Line Of Duty
9pm, BBC One

Anyone who has ever seen Line Of Duty (or any movie or cop show of the last 50 years) could not have been all that surprised by the big twist shock revelation at the end of last week’s instalment: this year’s lead baddie is not – as the team suspected at length for absolutely no reason – the woman played by an actor we only vaguely recognise, but is actually the character played by the biggest guest star, Stephen Graham. Who saw that coming? Now that the AC-12 detectives have caught up with the rest of us, they can begin to investigate the guy, deep undercover cop John Corbett, who has gone rogue and turned into a genuine criminal gang leader…OR HAS HE? Meanwhile, Kate and Steve ponder whether their boss, big Ted Hastings, could really be the enigmatic super-corrupt villain, “H.”

The Victim
9pm, BBC One
The Widow
9pm, STV

The awkward concept of stripping a drama over consecutive nights seems a hangover from the big broadcasters’ early confusion about how to deal with online networks and the rise of binge watching – a befuddled attempt at aping the convenience of streaming by presenting a show in the most inconvenient way possible. It’s a good week for fans of the strategy, though, as the BBC and ITV unleash two dramas going out head-to-head Monday to Thursday. The BBC were unable to provide me with preview material for The Victim, so, other than saying it stars the infallible Kelly Macdonald, can’t say much about it. Meanwhile, in ITV’s mystery The Widow (by serial-writers Harry and Jack Williams, of Missing and Baptiste), Kate Beckinsale plays Georgia, whose husband died nine years ago in a plane crash in the Democratic Republic of Congo…OR DID HE?

Don't Forget The Driver
10pm, BBC Two

Watching the pictures of Britain that go rolling by in Don’t Forget The Driver, the word that floats to mind is “melancholy.” But that’s not quite right. The series is largely set in Bognor Regis, and the camera lingers over all that faded seaside town stuff: a woman buzzing by on a mobility scooter drags her dog along a deserted beachfront path past a lonely blue bench, a closed-up cockle shack, and a bright, forsaken little toytown train ride.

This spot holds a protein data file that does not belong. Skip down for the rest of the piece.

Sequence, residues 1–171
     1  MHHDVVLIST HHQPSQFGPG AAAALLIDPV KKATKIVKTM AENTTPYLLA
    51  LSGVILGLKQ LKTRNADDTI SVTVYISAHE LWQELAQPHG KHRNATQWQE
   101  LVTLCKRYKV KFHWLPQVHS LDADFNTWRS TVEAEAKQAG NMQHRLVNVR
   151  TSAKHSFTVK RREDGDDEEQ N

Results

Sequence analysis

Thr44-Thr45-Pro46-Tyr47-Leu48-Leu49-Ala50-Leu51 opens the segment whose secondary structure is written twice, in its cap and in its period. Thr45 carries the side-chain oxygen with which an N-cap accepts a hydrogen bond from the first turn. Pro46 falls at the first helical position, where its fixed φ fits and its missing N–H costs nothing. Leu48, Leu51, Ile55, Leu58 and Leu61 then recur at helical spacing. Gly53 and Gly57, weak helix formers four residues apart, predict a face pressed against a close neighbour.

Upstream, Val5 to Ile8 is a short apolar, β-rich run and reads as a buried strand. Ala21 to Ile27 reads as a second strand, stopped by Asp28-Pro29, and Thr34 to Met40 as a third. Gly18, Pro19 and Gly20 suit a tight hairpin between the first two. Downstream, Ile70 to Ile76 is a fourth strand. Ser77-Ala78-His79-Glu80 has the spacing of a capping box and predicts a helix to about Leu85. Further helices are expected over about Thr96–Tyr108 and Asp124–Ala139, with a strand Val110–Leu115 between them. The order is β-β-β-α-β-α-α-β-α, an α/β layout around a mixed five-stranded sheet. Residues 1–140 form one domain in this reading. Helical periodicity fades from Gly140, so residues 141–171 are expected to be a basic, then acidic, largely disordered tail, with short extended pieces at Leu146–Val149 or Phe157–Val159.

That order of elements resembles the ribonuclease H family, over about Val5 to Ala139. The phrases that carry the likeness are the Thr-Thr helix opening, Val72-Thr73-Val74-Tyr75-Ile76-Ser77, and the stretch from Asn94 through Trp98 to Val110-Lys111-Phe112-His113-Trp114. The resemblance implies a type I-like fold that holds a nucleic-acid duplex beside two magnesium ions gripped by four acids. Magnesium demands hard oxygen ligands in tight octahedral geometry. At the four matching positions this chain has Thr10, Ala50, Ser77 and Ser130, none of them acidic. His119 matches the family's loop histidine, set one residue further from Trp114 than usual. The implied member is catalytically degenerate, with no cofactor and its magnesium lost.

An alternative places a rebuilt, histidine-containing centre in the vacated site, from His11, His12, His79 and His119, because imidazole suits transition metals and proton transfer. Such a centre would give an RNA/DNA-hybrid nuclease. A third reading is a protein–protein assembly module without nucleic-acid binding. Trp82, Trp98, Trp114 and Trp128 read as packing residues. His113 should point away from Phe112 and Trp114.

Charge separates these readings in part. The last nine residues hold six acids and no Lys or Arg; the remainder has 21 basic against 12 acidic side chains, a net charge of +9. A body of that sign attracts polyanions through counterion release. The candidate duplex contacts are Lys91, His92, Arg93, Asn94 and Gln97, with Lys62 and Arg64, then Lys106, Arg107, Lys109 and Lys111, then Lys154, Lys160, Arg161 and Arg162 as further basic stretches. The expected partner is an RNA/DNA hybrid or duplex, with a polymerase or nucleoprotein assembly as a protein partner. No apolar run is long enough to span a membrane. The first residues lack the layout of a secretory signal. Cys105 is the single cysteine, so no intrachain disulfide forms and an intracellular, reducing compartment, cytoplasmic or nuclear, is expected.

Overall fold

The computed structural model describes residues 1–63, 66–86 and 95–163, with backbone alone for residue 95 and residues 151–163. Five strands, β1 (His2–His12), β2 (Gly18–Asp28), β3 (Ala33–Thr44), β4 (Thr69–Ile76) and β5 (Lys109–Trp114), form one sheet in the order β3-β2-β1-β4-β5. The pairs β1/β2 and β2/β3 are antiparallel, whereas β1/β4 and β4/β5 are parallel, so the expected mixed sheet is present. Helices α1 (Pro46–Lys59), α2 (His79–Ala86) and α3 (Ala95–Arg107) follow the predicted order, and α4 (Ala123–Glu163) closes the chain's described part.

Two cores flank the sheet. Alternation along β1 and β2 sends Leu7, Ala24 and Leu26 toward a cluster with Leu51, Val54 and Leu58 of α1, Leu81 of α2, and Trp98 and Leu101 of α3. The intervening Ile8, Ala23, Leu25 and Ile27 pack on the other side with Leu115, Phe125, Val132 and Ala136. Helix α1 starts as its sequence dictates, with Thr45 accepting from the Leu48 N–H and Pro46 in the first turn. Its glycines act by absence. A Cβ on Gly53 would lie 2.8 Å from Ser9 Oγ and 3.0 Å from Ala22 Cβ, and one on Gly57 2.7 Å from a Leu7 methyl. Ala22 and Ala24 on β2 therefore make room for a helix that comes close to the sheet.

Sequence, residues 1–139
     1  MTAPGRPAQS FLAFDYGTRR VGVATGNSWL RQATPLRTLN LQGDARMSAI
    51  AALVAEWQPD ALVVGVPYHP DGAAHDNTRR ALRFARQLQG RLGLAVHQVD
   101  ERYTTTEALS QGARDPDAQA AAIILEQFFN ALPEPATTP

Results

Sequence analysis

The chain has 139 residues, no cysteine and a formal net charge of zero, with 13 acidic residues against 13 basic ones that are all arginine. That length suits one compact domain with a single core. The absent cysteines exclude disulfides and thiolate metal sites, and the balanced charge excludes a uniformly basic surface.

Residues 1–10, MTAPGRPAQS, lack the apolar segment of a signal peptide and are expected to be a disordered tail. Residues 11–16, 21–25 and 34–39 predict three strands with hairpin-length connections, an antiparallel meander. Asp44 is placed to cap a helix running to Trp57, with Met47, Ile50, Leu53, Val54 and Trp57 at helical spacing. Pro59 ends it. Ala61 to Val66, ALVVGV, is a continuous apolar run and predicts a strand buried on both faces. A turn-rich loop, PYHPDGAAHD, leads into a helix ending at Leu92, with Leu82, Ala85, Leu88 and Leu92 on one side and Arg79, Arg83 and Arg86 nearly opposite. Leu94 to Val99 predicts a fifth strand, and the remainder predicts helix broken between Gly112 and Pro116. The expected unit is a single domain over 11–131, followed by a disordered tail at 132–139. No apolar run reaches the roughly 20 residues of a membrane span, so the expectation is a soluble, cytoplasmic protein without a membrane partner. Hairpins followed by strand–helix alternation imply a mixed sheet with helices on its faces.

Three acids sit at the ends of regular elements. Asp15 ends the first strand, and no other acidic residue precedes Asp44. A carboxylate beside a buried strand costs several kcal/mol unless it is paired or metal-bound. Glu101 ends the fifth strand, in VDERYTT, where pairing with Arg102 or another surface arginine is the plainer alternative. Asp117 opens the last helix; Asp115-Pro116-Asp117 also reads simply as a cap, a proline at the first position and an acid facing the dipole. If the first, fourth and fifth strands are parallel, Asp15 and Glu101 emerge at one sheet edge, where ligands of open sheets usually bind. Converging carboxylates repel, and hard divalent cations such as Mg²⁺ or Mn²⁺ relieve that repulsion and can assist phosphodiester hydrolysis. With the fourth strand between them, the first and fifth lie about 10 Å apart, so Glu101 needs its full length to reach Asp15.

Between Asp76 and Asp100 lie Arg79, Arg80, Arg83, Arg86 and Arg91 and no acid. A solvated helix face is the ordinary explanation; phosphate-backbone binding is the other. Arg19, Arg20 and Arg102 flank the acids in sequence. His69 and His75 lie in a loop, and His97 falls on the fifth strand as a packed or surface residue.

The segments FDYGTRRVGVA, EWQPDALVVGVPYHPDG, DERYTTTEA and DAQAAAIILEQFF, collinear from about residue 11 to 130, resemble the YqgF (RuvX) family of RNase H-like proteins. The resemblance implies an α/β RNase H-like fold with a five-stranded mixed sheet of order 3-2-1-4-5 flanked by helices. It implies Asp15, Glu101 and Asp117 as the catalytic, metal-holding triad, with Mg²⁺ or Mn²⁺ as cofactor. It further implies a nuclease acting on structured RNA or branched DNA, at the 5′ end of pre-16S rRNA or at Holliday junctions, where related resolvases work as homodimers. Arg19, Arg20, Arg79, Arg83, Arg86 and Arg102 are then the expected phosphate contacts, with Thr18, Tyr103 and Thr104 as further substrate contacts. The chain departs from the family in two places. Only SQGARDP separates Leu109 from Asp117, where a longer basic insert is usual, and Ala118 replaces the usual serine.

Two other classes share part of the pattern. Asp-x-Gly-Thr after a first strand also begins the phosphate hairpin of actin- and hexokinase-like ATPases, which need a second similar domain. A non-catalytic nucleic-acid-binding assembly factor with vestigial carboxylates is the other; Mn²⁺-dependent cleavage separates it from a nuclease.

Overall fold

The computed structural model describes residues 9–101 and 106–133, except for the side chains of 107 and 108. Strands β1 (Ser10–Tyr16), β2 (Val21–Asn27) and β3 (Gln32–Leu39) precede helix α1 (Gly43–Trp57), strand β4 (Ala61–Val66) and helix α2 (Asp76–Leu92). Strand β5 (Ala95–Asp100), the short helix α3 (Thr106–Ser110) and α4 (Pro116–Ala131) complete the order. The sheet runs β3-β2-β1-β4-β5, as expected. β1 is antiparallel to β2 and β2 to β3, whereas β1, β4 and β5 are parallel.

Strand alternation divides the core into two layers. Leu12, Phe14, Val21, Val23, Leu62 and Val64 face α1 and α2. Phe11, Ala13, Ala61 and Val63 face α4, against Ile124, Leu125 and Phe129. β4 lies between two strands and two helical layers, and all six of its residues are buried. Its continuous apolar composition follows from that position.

But the mood of such places was truly melancholy maybe thirty or forty years ago, when you could still almost hear the last ghostly echoes of the great British holidaymakers who thronged the jolly piers decades before. Now we’re past that, beyond melancholy, and into something emptier.

The show’s look seems modelled on the photography of Martin Parr, with an unblinking eye for the curiousness of the everyday, the drab surrealism of reality. As the camera stares blankly at them, these vacant piers, cockle stalls and deserted funfair rides seem strange and meaningless. Enigmatic relics of something forgotten, left standing by the sea like Blighty’s version of the Statue Of Liberty at the end of Planet Of The Apes. And left gazing on in bewilderment, instead of Charlton Heston, we have only Toby Jones: an actor destined never to play the epic action roles, yet all the more heroic because of that.

Here, doing more with a slump of his shoulders than many actors could with the entire works of Shakespeare, Jones plays Peter Green, a coach driver who spends his life ferrying busloads of people around on daytrips. If it’s Monday, it must be across the water to Dunkirk, for a quick visit to the war graves, before a more meaningful stop to stock up on booze and fags. If it’s Tuesday, it’s the donkey sanctuary along the motorway.

Between trips, Peter worries about his packed lunch, his aimless daughter, and his mother’s rapid slide into dementia. But he has time for other things, too. The first morning we meet him, for example, he goes to the beach and finds a body washed up on the shore.

In another TV show, this might have been the start of some thrilling adventure. But for Peter it’s just a piercing moment of numb horror. He stares at the thing and then just…runs away, leaving it for someone else to find.

Along with a sense of depression and regret, along with Alzheimer’s and corpses, Don’t Forget The Driver offers us refugees and illegal immigration, people-trafficking, modern slavery and abuse. It’s worth stating that it’s a comedy – one of the most interesting we’ve had for a while.